|Color and Light||1.1||Do Assignment|
|Color and Light||1.2||Do Assignment||1.3 | 1.4|
|Illusion of Space and Atmosphere||1||Do Assignment|
|Personal Art||1.1||Do Assignment|
feedback is appreciated
Is she holding her arm with her left hand, or is it just there to cover her breasts?
If she's supposed to hold her arm, the hand is not even touching it, and if it's there to cover the breasts, it looks awkward as she's a mermaid that probably doesn't wear any bra's normally so it looks bit too "conveniently shy" for the sake of PG and stiff as her palm/hand is not relaxed yet touching nothing and her upper arm looks much more shorter than her right upper arm.
The tail currently creates a tangent with the rock, and makes it unclear where the other half of her tail fin is. And the other eye is greatly larger as the other.
Also as we're at least at her eye level, the horizon could be bit higher.
You could alwasy try referencing the little mermaid statue in copenhagen, she has a good pose that you could adapt, just a thought
just do an image search on "little mermaid copenhagen" loads come up
A great kind hearted lumbering bullock
http://conceptart.org/forums/showthread.php?t=209918 = my Sketchbook
rhRA FOOS D
oh wow, i cant spell XD
thats some good feedback, thankks, most appreciated
feed back is appreciated
Any reasons the shadows are dark-blue?
I think they should be dark-organge or whatever is further down in the colour palette of the skin-colour you picked.
its clear my comprehension of color theory is fataly flawed
this is what you get when your not formally taught stuff like this
and try to learn stuff on your own -_- T_T
No, I think the shadows should be somewhat blue because of all the blue light from the sky, it shouldn't be completely blue though.
aww heads up, just look at how well you drew this, that you show understanding of form and not just outline- I like it. I'd recommend starting a sketchbook here, especially when you are a self-taught person (like me).
Color theory can become quite complicated and confusing, but it is merely one part of the many things that make an image successful. I would urge you to study value and shape more thoroughly before you tackle color. If your shapes are well drawn and your values are correct, then it almost doesn't matter what colors you use. Spend some time making a careful line drawing with all the elements of your composition, then render it in grays using about five different values. Saving your lightest lights and darkest darks for your area of interest. Try to make all your marks deliberate. Scribbling too much can lead to a "mushy" image.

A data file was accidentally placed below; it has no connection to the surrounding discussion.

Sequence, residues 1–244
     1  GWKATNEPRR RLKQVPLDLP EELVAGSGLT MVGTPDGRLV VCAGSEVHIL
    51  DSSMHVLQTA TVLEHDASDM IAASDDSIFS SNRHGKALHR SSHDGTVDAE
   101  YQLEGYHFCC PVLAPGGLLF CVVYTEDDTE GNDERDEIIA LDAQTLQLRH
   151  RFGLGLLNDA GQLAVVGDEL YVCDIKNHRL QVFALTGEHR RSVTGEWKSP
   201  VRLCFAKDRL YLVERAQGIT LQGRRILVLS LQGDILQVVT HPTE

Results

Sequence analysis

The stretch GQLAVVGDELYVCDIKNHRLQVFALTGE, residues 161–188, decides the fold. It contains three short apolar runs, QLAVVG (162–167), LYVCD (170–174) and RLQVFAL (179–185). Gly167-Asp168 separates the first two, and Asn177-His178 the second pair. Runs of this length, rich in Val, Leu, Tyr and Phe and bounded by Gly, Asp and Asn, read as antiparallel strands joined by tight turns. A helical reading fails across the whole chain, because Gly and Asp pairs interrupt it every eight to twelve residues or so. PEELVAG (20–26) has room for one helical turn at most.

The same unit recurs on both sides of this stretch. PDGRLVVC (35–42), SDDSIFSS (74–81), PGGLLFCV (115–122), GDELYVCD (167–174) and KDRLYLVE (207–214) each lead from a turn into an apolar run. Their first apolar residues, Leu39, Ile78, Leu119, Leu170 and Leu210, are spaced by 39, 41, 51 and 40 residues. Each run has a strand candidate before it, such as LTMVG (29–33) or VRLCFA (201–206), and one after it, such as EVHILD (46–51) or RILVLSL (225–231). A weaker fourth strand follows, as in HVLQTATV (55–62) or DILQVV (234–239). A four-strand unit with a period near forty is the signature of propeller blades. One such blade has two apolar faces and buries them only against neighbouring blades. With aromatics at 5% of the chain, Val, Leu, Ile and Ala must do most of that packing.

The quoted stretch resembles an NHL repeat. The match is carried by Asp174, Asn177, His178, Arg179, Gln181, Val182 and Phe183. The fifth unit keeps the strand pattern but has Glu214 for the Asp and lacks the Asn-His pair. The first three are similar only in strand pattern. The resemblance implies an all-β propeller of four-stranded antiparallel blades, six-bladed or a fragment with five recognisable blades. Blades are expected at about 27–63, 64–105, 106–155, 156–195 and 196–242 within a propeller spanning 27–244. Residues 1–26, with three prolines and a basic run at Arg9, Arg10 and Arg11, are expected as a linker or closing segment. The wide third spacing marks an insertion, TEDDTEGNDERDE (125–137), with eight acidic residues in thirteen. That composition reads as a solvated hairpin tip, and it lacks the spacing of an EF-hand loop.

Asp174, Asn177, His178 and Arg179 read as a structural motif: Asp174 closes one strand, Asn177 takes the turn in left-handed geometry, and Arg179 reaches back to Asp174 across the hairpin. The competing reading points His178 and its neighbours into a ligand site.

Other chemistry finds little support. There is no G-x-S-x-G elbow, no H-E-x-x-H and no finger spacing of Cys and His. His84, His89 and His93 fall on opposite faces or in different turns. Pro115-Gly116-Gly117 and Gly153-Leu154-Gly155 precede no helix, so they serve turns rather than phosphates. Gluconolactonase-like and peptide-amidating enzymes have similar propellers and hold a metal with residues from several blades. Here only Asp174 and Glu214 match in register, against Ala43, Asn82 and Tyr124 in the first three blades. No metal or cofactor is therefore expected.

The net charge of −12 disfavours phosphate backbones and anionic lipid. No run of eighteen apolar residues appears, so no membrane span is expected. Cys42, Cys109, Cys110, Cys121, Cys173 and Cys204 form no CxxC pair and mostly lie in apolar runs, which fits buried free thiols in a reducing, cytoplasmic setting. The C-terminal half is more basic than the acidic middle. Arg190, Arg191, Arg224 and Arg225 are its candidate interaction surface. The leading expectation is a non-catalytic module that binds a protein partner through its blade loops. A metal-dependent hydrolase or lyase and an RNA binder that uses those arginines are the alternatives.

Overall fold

I did a re-draw of your image in gray tones to illustrate my point. Once all your values and relationships are established, it is just a matter of collecting some good reference and refining the drawing until you reach the desired level of finish. Hope this helps.
Shadows usually have a fairly low level of saturation, e.g. a sort of gray-ish blue rather than the bright blue you currently have.
a person in another post suggested not touching color or tone and just sticking to line art and structure for now
feels like im getting nowhere - artistic frustration
how do you set up a signature on this forum so when you post consistant information is provided at the bottom?
Frustration is understandable. All of us have gone through that. Do not let it be a stumbling block to your progress. Draw more from life, observe and record what you see. stick to line and tone, color will follow in its own time. do not give up. Good drawing is very much a labor of love.
hmmm ... guess i should just stick to tone for a while
recieved a few critics about the facial expression and the over all composition being kind of empty and depressed
so i figured id try tweeking it a bit, the more stuff i add in here more risk i have of getting tangents and stuff
hmmm ... maybe i can tweek the body pose a bit to reflect her facial expression